Login to MyKarger

New to MyKarger? Click here to sign up.

Login with Facebook

Forgot your password?

Authors, Editors, Reviewers

For Manuscript Submission, Check or Review Login please go to Submission Websites List.

Submission Websites List

Institutional Login
(Shibboleth or Open Athens)

For the academic login, please select your country in the dropdown list. You will be redirected to verify your credentials.

Dement Geriatr Cogn Disord 1994;5:88–98

Long-Term Effects of Phosphatidylserine, Pyritinol, and Cognitive Training in Alzheimer's Disease

A Neuropsychological, EEG, and PET Investigation
Heiss W.-D. · Kessler J. · Mielke R. · Szelies B. · Herholz K.

Author affiliations

Max-Planck-Institut für neurologische Forschung und Neurologische Universitätsklinik Köln, BRD

Corresponding Author

W.-D. Heiss, MD, MPI für neurologische Forschung, Gleueler Strasse 50, D–50931 Köln-Lindenthal (FRG)

Do you have an account?

Login Information

Contact Information

I have read the Karger Terms and Conditions and agree.


70 patients with probable Alzheimer''s disease were randomly allocated to four groups: 17 patients received only social support, 18 cognitive training twice a week, in 17 cognitive training was combined with pyritinol 2 x 600 mg/day and in 18 cognitive training was combined with phosphatidylserine 2 x 200 mg/day. Treatment duration was 6 months. Before and after treatment, the patients underwent neuropsychological testing as well as measurement of the regional cerebral metabolic rate for glucose using positron emission tomography and 18F-2-fluoro-2-deoxy-D-glucose. Before treatment the groups were comparable in respect to resting and activated glucose pattern achieved by a visual recognition task. Electrophysiological changes were assessed as EEG power, globally and in 4 frequency bands. This 6-month study in four groups of patients with Alzheimer''s disease indicated that phosphatidylserine treatment has an effect on different measures of brain function. Since neuropsychological improvements were best documented after 8 and 16 weeks and faded towards the end of the treatment period, it must be concluded that this symptomatic therapy is mainly of short-term benefit and was overcome by the progressive pathological changes at the end of the treatment period.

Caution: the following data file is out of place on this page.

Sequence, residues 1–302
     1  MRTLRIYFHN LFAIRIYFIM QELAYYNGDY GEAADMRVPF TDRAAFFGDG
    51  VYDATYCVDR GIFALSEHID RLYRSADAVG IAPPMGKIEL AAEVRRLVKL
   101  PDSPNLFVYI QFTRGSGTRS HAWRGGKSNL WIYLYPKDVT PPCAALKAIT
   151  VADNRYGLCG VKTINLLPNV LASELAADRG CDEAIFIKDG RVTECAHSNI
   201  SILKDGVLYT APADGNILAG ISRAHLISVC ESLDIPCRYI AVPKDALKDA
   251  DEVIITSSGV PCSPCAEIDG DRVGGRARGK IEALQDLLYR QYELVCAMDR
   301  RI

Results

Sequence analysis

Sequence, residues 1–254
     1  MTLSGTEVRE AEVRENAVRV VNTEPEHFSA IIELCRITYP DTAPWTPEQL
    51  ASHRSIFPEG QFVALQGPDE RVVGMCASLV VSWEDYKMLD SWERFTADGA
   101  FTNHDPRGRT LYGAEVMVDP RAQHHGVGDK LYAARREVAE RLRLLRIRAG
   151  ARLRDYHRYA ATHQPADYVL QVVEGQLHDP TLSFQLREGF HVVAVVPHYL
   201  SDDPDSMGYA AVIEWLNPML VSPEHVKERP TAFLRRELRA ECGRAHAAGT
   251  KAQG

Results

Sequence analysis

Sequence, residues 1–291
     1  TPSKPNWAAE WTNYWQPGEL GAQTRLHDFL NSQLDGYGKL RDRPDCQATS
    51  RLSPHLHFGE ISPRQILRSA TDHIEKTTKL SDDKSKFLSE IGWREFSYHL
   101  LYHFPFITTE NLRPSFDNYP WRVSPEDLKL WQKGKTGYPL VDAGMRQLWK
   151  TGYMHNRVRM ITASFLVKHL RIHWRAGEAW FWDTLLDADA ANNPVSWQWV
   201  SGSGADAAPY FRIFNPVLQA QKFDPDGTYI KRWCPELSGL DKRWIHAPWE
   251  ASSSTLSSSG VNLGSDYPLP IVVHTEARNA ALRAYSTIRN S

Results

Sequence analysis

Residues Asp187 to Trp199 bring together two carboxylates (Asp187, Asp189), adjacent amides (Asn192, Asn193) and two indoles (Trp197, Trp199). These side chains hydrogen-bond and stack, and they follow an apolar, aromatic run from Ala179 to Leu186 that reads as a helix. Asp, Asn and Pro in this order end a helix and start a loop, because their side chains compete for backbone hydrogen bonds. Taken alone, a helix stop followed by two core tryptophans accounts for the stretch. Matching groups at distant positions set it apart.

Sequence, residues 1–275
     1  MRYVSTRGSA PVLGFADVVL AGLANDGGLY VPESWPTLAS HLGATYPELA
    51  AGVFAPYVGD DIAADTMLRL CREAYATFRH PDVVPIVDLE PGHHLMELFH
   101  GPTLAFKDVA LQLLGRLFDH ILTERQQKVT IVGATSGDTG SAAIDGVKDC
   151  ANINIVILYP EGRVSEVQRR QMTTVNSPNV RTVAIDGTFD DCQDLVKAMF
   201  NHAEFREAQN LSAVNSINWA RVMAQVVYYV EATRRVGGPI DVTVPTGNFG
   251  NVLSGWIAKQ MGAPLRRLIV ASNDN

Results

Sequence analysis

© 1994 S. Karger AG, Basel

Article / Publication Details

First-Page Preview
Abstract of Original Research Article

Accepted: December 03, 1993
Published online: June 24, 2008

Number of Print Pages: 11
Number of Figures: 0
Number of Tables: 0

ISSN: 1420-8008 (Print)
eISSN: 1421-9824 (Online)

For additional information: http://www.karger.com/DEM

Copyright / Drug Dosage / Disclaimer

Copyright: All rights reserved. No part of this publication may be translated into other languages, reproduced or utilized in any form or by any means, electronic or mechanical, including photocopying, recording, microcopying, or by any information storage and retrieval system, without permission in writing from the publisher.
Drug Dosage: The authors and the publisher have exerted every effort to ensure that drug selection and dosage set forth in this text are in accord with current recommendations and practice at the time of publication. However, in view of ongoing research, changes in government regulations, and the constant flow of information relating to drug therapy and drug reactions, the reader is urged to check the package insert for each drug for any changes in indications and dosage and for added warnings and precautions. This is particularly important when the recommended agent is a new and/or infrequently employed drug.
Disclaimer: The statements, opinions and data contained in this publication are solely those of the individual authors and contributors and not of the publishers and the editor(s). The appearance of advertisements or/and product references in the publication is not a warranty, endorsement, or approval of the products or services advertised or of their effectiveness, quality or safety. The publisher and the editor(s) disclaim responsibility for any injury to persons or property resulting from any ideas, methods, instructions or products referred to in the content or advertisements.